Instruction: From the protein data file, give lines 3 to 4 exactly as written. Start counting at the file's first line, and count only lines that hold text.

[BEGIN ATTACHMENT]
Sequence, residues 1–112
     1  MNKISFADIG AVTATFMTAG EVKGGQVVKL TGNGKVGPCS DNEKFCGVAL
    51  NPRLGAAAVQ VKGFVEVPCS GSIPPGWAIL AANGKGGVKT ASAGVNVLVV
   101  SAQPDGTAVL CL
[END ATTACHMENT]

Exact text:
    51  NPRLGAAAVQ VKGFVEVPCS GSIPPGWAIL AANGKGGVKT ASAGVNVLVV
   101  SAQPDGTAVL CL